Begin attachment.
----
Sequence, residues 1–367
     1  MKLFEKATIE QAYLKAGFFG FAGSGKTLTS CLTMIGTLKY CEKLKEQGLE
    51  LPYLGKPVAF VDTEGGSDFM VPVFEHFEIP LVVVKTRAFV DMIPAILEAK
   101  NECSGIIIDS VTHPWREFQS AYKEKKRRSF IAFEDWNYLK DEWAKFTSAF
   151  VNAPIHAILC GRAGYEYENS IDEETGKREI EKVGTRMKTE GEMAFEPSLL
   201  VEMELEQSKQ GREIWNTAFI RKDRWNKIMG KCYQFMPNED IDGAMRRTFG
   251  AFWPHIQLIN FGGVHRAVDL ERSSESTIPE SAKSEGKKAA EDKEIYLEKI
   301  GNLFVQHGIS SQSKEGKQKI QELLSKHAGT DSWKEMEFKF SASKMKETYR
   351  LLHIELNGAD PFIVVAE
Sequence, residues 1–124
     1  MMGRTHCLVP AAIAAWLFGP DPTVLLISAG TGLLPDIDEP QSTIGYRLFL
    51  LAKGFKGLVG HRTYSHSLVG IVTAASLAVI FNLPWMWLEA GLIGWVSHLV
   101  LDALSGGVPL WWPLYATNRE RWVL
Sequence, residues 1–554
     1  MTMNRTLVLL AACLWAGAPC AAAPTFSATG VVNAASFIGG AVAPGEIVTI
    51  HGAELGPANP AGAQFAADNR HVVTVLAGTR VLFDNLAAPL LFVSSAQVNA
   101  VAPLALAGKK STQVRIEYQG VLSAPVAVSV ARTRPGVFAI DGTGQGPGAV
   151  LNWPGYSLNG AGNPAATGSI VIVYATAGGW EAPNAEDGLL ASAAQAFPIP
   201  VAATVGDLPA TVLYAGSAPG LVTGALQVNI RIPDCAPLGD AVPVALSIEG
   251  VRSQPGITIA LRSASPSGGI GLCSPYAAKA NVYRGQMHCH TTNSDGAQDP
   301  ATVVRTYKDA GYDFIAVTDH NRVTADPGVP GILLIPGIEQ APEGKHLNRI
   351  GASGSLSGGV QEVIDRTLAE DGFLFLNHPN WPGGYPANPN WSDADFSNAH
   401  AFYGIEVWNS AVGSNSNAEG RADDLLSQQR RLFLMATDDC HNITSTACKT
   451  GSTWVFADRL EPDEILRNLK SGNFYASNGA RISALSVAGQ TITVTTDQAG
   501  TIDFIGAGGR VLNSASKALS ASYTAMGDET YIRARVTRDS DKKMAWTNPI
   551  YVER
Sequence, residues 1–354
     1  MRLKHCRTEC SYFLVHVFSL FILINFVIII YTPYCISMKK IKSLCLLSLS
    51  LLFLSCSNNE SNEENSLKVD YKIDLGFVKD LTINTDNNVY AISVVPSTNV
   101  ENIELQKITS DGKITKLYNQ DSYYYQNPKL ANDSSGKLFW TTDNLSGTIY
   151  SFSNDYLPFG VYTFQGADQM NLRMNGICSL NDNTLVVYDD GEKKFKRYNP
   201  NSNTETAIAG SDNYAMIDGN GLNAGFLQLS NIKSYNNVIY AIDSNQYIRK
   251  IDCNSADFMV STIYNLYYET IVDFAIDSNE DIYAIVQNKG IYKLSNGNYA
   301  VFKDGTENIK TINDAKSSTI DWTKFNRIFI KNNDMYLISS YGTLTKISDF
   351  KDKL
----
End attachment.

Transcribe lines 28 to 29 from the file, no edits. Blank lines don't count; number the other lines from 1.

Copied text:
     1  MRLKHCRTEC SYFLVHVFSL FILINFVIII YTPYCISMKK IKSLCLLSLS
    51  LLFLSCSNNE SNEENSLKVD YKIDLGFVKD LTINTDNNVY AISVVPSTNV